Models culled from the Binns Road refuse: Mini Dinky
story and photos by Brian Willoughby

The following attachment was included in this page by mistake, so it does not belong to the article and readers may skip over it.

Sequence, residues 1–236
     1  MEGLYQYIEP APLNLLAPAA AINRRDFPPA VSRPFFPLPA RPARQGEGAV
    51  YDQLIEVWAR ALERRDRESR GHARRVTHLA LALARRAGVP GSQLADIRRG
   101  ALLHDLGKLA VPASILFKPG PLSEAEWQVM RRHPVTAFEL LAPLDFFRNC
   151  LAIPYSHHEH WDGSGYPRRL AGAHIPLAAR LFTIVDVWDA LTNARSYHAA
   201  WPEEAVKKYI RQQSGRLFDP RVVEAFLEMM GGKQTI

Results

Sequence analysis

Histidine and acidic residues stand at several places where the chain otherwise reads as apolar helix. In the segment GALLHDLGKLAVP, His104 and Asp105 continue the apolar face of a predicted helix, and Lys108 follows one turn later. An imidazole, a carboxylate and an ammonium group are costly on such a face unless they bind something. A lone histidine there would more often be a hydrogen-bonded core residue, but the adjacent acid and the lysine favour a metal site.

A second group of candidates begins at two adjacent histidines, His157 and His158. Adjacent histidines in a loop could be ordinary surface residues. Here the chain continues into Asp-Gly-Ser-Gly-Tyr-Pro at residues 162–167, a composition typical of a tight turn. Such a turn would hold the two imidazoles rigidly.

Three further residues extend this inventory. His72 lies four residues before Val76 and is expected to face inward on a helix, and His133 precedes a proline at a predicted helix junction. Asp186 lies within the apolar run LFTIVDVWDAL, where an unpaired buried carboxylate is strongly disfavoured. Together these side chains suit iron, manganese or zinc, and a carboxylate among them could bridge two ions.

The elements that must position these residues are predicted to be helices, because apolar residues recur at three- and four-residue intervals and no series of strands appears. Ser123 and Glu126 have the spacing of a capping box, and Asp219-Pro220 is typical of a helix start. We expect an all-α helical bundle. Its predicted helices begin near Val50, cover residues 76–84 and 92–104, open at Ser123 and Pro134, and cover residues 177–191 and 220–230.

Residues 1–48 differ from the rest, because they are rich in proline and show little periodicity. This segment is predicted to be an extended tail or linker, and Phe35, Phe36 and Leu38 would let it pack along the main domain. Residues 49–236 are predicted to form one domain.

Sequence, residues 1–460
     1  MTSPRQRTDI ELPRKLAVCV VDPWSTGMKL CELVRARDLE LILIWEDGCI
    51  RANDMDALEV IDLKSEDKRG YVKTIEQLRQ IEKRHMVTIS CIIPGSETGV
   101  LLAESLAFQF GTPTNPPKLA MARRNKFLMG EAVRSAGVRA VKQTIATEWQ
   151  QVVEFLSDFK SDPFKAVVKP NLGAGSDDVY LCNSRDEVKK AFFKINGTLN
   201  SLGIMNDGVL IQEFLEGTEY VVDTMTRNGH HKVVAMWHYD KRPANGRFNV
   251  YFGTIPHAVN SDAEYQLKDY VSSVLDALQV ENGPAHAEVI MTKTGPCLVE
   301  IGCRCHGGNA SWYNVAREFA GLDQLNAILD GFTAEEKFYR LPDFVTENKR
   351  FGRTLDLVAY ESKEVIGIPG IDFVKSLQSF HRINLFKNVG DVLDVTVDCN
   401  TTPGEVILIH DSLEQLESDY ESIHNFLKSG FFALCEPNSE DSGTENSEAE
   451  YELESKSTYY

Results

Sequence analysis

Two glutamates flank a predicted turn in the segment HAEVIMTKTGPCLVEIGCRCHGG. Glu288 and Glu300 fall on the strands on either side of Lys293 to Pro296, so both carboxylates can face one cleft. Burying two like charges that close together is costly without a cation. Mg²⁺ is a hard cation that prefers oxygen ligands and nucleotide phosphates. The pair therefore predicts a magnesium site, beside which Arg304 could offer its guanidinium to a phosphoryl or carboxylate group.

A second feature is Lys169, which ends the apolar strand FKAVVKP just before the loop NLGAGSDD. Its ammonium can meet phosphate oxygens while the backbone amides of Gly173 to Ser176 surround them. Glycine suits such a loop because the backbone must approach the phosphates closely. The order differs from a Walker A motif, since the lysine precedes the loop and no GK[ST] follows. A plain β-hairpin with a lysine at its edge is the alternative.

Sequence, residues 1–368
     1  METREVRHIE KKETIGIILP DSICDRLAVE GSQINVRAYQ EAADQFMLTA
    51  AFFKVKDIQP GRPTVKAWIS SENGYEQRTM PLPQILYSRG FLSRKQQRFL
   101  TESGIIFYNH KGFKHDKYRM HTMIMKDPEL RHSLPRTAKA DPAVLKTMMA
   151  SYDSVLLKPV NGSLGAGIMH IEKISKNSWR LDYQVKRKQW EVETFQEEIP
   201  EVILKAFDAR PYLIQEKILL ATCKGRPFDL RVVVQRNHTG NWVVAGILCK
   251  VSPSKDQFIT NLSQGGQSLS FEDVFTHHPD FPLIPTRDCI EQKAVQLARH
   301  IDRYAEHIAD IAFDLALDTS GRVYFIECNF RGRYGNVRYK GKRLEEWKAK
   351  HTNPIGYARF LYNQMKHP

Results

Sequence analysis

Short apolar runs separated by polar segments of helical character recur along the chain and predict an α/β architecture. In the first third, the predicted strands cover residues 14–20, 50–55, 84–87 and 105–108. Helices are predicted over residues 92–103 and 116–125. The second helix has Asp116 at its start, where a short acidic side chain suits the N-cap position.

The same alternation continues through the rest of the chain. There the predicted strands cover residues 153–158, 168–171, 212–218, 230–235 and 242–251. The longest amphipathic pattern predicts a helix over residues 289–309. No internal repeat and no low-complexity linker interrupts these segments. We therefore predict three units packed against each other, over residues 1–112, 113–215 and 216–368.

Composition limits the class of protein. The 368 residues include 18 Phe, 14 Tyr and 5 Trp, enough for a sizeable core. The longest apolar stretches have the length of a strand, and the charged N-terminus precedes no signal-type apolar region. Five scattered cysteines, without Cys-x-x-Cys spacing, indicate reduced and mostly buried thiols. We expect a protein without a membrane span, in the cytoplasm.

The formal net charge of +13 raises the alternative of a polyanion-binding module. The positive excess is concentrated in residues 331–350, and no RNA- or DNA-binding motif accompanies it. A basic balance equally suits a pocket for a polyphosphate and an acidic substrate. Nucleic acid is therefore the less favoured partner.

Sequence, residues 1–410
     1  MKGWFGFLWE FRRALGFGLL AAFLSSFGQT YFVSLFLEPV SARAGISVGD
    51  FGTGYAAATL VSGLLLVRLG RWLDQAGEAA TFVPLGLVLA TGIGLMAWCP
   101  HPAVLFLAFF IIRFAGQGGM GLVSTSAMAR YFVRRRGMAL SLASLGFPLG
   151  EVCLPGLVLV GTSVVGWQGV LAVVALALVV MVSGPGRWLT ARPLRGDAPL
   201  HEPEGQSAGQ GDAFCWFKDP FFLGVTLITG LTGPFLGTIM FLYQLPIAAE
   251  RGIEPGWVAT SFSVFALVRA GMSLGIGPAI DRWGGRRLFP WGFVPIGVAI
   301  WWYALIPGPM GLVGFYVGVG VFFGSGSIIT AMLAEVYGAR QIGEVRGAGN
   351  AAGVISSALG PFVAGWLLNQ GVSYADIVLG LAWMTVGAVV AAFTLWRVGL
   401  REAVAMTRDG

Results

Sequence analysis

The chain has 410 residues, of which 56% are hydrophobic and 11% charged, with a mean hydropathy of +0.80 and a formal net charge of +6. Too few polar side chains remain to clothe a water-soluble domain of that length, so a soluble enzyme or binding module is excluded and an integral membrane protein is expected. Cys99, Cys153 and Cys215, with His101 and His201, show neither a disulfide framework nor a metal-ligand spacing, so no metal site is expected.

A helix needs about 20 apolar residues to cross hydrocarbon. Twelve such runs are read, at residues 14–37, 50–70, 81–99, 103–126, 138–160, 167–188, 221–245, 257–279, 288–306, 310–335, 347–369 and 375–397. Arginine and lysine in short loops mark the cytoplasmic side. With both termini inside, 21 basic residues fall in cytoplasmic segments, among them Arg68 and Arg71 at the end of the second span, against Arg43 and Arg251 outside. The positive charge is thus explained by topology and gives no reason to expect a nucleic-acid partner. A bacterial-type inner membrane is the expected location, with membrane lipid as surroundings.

Witnessing the phenomenal success of Lesney's Matchbox Series and two upstart rivals introduced by Mettoy and Mattel, Mecanno decided in the late 1960s that it was time for it too to join the ranks of companies offering a line of small scale, highly detailed, diecast model cars. A few years earlier, Dinky had halfheartedly attempted to market Matchbox clones under the name Dinky Dublo. Unfortunately, the high quality models failed to gain any measurable market share and, in the end, the range was left to die a very quiet and unlamented death. Yet with several viable competitors readily eroding Dinky's once dominant position in 1:43 scale diecasts, Mecanno was eager to exploit market segments in which it was still under represented. To cash in on the profitable small scale market, Mecanno decided to re-enter the field by unveiling one of the worst product lines in its long and hitherto respected history: the Mini Dinky range of 1:65 scale models.